A Comparison of Population Characteristics by Assessment Approach (Paper vs. Web-Based Survey Methods) of the Together for Health = Virginia Study

Authors: Fuemmeler BF, Do EK, Ksinan AJ, Miller CA, Morris BB, Fugate-Laus K, Fallavollita WL, Kim SJ, Wheeler DC, Dahman B, Gal TS, Ginder GD

Category: Cancer Health Disparities
Conference Year: 2020

Abstract Body:
Purpose: To compare population characteristics by paper and web-based approaches within the on-going Together for Health = Virginia Study, a National Cancer Institute P30 Supplement to characterize the catchment area of Virginia Commonwealth University (VCU) Massey Cancer Center. Methods: Participants are recruited through a mail-based survey, with the option to complete the survey online via REDCap, and through a web-based and mobile application (app) platform used to form an eCohort. The mail-based survey was a probability-based sample of 6,000 community- dwelling adults, conducted within the VCU Massey Cancer Center catchment area, using a modified Dillman method. Mail-based surveys began in October 2019. Enrollment in the eCohort is expected to begin in January 2020. Survey information on sociodemographic characteristics, social determinants, health behaviors, healthcare use, health information utilization, health history, and cancer screening are collected. Response rates and demographic frequencies and percentages are provided by assessment approach. Results: Data collection is ongoing. Of the 559 participants who have responded, 327 (58.5%) elected to complete the survey by mail and 232 (41.5%) elected to complete the survey online using REDCap. The average age of participants using REDCap is younger (mean=49.3; SD=15.2 years) than paper-based surveys (mean=59.9; SD=14.8 years, t(422.4)=7.7, p<0.01). A higher percentage of REDCap vs. paper- based survey participants are White (78.1% vs. 68.9%, χ2(2)=9.4, p<0.01), have a bachelors' degree or higher (62.7% vs. 53.8%, t(493.9) = 2.4, p=0.02), and have an annual household income of $50,000 or higher (77.2% vs. 65.8%), χ2(1)= 6.7, p=0.01). No differences were found for marital status (χ2(1) = 1.4, p=0.24), self-identification as rural (χ2(1)=2.9, p=0.09), or being born in the US (χ2(1) =0.3, p=0.59). Conclusions: In addition to characterizing the population within the catchment area of VCU Massey Cancer Center, results of this study will aid in the development of future epidemiological research studies by providing practical guidance for public health and survey researchers regarding paper- based and web- based assessment approaches.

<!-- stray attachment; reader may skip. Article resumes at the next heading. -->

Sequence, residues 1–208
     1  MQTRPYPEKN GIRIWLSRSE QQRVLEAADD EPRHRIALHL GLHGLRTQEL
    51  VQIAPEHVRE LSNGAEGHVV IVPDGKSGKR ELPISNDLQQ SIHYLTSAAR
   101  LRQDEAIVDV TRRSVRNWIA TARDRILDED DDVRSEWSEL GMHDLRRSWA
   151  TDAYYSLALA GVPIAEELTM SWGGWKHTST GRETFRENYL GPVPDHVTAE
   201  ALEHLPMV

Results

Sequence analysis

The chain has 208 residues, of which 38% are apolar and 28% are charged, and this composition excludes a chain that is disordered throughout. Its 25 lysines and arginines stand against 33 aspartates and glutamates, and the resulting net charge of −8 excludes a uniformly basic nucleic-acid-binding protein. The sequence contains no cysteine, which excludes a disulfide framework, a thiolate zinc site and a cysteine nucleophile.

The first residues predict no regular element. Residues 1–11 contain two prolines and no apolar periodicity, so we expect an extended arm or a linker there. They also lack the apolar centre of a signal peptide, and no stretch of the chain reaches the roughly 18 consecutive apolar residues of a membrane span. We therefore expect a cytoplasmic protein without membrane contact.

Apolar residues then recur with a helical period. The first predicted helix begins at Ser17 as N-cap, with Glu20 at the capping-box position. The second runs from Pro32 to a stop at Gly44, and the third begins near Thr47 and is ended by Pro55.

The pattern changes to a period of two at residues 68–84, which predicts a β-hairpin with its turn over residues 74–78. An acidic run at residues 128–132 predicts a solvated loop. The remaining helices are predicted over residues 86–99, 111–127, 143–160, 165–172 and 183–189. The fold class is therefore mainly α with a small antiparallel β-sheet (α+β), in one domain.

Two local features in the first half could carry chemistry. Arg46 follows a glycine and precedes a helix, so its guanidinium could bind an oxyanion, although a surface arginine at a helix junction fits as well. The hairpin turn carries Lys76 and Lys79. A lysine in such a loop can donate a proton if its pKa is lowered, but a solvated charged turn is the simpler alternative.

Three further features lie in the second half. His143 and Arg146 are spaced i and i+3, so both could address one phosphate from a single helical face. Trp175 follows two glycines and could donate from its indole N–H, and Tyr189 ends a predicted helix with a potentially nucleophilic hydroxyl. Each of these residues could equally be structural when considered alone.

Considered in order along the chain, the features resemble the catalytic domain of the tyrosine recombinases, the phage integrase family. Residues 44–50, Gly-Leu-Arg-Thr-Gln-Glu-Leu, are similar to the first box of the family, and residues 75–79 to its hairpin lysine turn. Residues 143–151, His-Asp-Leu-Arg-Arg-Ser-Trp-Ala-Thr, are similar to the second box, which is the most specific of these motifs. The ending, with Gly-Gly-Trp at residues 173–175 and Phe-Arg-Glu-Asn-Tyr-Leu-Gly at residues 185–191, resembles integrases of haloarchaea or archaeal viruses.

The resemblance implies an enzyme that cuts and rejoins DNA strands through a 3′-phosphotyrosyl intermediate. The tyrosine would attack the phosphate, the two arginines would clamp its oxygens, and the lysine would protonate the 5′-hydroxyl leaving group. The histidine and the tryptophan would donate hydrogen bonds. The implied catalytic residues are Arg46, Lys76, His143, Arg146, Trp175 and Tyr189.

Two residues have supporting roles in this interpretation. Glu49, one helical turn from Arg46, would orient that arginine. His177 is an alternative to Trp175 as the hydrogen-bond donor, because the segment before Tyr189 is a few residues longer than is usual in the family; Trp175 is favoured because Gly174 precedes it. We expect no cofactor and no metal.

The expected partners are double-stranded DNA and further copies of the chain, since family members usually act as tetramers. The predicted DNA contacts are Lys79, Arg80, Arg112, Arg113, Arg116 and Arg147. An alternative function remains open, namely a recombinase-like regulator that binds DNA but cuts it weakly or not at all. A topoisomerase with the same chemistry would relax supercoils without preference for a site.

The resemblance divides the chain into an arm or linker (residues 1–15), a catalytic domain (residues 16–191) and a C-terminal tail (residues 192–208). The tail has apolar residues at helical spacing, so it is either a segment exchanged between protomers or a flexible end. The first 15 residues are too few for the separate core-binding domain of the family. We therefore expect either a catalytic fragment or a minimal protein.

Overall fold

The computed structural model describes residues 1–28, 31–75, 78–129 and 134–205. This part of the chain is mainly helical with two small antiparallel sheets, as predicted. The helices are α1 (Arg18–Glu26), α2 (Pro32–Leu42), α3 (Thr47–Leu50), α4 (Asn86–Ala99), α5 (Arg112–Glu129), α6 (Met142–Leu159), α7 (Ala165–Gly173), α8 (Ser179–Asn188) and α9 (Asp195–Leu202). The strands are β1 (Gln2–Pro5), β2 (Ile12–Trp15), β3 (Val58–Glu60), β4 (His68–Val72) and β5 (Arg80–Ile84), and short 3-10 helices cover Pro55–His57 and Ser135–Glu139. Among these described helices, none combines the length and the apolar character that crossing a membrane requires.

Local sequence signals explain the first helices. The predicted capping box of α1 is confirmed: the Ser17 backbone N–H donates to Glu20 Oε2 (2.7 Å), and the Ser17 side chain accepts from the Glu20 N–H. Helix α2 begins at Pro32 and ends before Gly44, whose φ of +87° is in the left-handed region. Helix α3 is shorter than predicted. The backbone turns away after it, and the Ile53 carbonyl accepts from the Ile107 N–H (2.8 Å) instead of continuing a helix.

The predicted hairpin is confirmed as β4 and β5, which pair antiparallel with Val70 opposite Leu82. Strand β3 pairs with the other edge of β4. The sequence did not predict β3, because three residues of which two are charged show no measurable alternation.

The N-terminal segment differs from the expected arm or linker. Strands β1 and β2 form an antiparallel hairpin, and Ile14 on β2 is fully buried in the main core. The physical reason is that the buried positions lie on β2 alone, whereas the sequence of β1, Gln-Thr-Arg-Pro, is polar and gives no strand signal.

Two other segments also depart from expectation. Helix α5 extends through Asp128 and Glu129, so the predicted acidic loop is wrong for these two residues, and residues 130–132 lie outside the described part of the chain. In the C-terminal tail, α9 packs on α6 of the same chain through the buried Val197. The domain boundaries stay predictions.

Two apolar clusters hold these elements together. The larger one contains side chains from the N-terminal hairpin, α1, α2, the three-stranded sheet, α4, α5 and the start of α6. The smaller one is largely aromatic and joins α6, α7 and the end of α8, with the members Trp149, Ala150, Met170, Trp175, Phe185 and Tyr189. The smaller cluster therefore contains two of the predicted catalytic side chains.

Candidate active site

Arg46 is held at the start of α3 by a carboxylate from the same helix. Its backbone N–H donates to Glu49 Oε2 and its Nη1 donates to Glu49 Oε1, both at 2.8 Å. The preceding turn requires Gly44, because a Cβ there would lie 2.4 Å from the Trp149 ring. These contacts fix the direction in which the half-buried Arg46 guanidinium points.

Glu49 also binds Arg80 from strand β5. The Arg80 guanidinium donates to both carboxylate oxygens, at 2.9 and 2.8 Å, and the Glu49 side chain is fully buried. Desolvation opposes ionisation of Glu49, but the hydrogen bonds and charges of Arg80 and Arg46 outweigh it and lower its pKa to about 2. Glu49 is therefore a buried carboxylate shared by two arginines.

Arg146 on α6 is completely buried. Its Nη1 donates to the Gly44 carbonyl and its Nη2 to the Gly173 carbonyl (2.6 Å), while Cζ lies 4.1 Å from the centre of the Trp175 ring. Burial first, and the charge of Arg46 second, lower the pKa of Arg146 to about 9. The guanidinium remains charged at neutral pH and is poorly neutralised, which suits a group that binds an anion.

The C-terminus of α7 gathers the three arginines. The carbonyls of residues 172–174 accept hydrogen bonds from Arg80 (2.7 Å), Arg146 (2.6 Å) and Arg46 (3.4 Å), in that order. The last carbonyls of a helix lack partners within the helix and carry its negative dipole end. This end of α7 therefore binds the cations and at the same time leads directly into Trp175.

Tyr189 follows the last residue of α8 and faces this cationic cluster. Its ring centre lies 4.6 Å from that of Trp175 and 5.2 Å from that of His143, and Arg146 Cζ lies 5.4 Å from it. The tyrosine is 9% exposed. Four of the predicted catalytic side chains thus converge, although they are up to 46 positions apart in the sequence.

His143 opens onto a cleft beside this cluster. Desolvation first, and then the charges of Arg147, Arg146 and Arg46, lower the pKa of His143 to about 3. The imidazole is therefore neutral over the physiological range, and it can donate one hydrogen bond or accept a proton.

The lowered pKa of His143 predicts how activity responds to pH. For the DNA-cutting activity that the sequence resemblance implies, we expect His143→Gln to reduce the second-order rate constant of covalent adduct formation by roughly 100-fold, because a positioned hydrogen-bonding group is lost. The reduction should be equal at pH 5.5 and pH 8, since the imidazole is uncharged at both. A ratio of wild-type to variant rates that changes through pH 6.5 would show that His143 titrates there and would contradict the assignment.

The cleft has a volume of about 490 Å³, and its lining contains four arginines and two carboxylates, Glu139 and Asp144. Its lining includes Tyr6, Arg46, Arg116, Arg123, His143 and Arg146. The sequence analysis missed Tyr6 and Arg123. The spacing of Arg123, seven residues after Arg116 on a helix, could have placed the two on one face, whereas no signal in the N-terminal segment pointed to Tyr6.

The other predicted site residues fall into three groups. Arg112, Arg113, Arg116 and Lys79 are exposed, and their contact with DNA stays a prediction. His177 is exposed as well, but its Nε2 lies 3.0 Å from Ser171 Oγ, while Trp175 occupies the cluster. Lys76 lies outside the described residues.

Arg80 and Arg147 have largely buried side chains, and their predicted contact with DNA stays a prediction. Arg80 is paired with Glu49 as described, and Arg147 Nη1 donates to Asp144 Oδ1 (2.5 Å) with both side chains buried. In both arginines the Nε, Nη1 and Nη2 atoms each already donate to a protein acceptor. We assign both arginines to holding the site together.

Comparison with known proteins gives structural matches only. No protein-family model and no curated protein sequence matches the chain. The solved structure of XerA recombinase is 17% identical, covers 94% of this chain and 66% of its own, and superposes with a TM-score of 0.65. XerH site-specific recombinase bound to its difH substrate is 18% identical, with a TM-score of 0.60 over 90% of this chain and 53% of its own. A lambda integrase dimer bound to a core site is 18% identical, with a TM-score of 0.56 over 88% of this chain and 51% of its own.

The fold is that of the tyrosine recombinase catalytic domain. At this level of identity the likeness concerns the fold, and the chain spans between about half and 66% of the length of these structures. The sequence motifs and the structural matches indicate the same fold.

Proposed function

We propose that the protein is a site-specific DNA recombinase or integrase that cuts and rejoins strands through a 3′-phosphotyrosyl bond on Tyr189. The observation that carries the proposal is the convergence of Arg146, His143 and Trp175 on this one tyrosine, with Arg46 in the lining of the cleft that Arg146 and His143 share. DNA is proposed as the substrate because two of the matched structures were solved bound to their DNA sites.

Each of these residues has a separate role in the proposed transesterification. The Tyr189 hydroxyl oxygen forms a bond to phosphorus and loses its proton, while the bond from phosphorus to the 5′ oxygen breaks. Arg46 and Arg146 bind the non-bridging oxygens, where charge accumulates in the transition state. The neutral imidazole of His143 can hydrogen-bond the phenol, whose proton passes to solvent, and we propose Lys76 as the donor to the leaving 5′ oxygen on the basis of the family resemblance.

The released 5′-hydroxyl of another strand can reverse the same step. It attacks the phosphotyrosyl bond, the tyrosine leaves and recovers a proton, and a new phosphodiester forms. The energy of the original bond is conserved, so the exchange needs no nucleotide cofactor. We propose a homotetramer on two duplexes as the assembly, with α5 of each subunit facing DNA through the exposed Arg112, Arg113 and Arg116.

Keywords: health behaviors, cancer, population health